Lord Dorincourt had occasion to wear his grim smile many a time as the days passed by. Indeed, as his acquaintance with his grandson progressed, he wore the smile so often that there were moments when it almost lost its grimness. There is no denying that before Lord Fauntleroy had appeared on the scene, the old man had been growing very tired of his loneliness and his gout and his seventy years. After so long a life of excitement and amusement, it was not agreeable to sit alone even in the most splendid room, with one foot on a gout-stool, and with no other diversion than flying into a rage, and shouting at a frightened footman who hated the sight of him. The old Earl was too clever a man not to know perfectly well that his servants detested him, and that even if he had visitors, they did not come for love of him-- though some found a sort of amusement in his sharp, sarcastic talk, which spared no one. So long as he had been strong and well, he had gone from one place to another, pretending to amuse himself, though he had not really enjoyed it; and when his health began to fail, he felt tired of everything and shut himself up at Dorincourt, with his gout and his newspapers and his books. But he could not read all the time, and he became more and more "bored," as he called it. He hated the long nights and days, and he grew more and more savage and irritable. And then Fauntleroy came; and when the Earl saw him, fortunately for the little fellow, the secret pride of the grandfather was gratified at the outset. If Cedric had been a less handsome little fellow, the old man might have taken so strong a dislike to him that he would not have given himself the chance to see his grandson's finer qualities. But he chose to think that Cedric's beauty and fearless spirit were the results of the Dorincourt blood and a credit to the Dorincourt rank. And then when he heard the lad talk, and saw what a well-bred little fellow he was, notwithstanding his boyish ignorance of all that his new position meant, the old Earl liked his grandson more, and actually began to find himself rather entertained. It had amused him to give into those childish hands the power to bestow a benefit on poor Higgins. My lord cared nothing for poor Higgins, but it pleased him a little to think that his grandson would be talked about by the country people and would begin to be popular with the tenantry, even in his childhood. Then it had gratified him to drive to church with Cedric and to see the excitement and interest caused by the arrival. He knew how the people would speak of the beauty of the little lad; of his fine, strong, straight body; of his erect bearing, his handsome face, and his bright hair, and how they would say (as the Earl had heard one woman exclaim to another) that the boy was "every inch a lord." My lord of Dorincourt was an arrogant old man, proud of his name, proud of his rank, and therefore proud to show the world that at last the House of Dorincourt had an heir who was worthy of the position he was to fill.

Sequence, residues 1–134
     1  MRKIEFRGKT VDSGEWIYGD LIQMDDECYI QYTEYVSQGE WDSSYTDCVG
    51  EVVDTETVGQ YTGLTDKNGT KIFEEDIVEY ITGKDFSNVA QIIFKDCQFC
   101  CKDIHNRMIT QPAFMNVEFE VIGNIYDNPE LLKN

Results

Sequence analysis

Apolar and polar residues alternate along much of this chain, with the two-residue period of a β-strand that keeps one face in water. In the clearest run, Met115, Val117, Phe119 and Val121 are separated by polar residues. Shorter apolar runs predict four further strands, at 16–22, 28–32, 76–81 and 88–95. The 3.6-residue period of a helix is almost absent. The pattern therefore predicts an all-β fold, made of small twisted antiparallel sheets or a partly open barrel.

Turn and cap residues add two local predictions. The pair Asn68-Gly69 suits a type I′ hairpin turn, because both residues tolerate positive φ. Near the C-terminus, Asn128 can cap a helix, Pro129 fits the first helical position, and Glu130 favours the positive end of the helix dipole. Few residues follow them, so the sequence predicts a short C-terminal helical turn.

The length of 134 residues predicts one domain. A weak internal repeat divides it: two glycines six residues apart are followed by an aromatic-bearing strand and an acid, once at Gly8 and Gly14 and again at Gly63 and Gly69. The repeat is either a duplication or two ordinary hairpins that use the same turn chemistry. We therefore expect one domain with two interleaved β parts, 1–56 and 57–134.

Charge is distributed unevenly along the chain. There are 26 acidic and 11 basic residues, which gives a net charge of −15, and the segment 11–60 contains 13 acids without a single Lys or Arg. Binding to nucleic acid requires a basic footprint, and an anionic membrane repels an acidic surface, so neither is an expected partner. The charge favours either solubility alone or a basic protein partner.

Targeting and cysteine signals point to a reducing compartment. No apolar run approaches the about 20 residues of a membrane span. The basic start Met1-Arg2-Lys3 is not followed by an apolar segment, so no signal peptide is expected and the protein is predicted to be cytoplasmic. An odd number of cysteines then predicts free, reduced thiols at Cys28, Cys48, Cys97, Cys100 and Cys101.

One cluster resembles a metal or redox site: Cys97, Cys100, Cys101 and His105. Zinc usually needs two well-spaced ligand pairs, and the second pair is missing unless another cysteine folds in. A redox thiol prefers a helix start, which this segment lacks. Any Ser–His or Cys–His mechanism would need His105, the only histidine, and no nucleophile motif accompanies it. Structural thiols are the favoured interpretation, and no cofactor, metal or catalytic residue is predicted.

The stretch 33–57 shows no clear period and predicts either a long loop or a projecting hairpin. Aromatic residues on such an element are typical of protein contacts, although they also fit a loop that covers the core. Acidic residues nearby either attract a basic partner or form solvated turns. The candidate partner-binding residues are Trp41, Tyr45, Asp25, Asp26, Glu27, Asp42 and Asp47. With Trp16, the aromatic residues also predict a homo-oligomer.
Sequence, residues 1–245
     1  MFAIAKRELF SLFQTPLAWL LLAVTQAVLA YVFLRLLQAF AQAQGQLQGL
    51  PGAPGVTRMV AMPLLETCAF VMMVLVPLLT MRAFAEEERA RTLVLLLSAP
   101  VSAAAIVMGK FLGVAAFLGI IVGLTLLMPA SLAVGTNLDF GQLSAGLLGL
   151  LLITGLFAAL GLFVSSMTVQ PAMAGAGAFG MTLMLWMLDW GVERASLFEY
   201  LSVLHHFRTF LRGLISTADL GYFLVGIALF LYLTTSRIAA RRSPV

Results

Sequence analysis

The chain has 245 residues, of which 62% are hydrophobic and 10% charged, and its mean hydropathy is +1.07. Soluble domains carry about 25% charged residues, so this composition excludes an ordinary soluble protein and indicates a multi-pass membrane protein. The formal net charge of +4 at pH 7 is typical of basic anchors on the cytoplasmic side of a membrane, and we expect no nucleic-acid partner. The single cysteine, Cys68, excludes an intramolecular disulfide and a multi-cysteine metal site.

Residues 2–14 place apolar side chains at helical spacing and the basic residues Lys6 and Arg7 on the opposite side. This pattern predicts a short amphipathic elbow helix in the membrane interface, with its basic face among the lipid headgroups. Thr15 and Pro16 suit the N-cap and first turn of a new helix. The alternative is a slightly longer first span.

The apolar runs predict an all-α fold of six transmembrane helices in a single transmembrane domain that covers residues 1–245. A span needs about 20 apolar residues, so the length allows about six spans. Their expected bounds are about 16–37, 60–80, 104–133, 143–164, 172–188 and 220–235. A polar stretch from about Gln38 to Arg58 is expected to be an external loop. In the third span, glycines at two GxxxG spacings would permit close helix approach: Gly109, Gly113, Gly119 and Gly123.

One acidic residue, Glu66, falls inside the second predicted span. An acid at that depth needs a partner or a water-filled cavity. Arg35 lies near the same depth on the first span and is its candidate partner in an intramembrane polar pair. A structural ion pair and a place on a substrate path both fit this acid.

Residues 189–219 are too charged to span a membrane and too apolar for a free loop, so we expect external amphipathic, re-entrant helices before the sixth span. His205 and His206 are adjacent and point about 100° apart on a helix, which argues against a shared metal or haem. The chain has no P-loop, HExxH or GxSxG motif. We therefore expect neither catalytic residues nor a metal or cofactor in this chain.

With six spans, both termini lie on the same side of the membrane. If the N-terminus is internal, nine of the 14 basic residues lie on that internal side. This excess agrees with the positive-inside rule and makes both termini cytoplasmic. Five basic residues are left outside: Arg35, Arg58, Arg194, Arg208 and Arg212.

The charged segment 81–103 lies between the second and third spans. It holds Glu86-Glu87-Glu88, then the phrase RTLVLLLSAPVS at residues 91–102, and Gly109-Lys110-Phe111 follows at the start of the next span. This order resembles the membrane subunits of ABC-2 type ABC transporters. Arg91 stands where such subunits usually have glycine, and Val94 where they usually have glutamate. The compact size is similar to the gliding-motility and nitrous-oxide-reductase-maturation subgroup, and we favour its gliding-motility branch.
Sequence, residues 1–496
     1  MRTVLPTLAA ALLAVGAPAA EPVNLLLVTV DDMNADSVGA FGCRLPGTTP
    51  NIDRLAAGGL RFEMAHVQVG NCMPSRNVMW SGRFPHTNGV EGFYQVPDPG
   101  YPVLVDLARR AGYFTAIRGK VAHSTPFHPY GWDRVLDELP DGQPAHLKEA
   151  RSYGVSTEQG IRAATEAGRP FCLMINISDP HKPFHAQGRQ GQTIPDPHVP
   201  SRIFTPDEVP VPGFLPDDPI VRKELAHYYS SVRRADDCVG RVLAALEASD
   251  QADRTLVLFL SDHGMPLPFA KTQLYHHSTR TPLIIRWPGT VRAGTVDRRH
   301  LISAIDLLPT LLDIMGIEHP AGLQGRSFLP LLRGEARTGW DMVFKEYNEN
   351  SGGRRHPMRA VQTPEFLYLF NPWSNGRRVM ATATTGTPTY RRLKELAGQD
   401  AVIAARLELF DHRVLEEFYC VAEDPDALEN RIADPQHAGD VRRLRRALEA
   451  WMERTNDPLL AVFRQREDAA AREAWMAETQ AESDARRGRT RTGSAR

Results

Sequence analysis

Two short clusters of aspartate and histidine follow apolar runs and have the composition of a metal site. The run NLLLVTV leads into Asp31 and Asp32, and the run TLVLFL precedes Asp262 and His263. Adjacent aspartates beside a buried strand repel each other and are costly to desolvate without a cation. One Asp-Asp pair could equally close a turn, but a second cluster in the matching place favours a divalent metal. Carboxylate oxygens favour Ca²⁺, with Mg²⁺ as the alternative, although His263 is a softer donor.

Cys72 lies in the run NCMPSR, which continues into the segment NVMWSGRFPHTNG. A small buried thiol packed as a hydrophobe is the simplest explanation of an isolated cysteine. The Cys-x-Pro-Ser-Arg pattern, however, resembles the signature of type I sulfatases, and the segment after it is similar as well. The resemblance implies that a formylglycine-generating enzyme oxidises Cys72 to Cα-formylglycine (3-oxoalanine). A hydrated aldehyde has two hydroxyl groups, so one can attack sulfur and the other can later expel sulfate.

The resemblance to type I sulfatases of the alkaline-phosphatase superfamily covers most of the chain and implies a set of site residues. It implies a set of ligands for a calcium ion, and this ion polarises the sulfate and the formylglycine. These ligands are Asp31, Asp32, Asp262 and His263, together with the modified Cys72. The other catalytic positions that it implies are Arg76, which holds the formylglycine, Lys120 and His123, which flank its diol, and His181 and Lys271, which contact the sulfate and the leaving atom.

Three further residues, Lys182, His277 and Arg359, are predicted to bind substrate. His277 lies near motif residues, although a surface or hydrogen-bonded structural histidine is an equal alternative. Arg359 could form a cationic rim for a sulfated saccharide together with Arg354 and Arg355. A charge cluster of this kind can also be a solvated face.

The morning the new pony had been tried, the Earl had been so pleased that he had almost forgotten his gout. When the groom had brought out the pretty creature, which arched its brown, glossy neck and tossed its fine head in the sun, the Earl had sat at the open window of the library and had looked on while Fauntleroy took his first riding lesson. He wondered if the boy would show signs of timidity. It was not a very small pony, and he had often seen children lose courage in making their first essay at riding.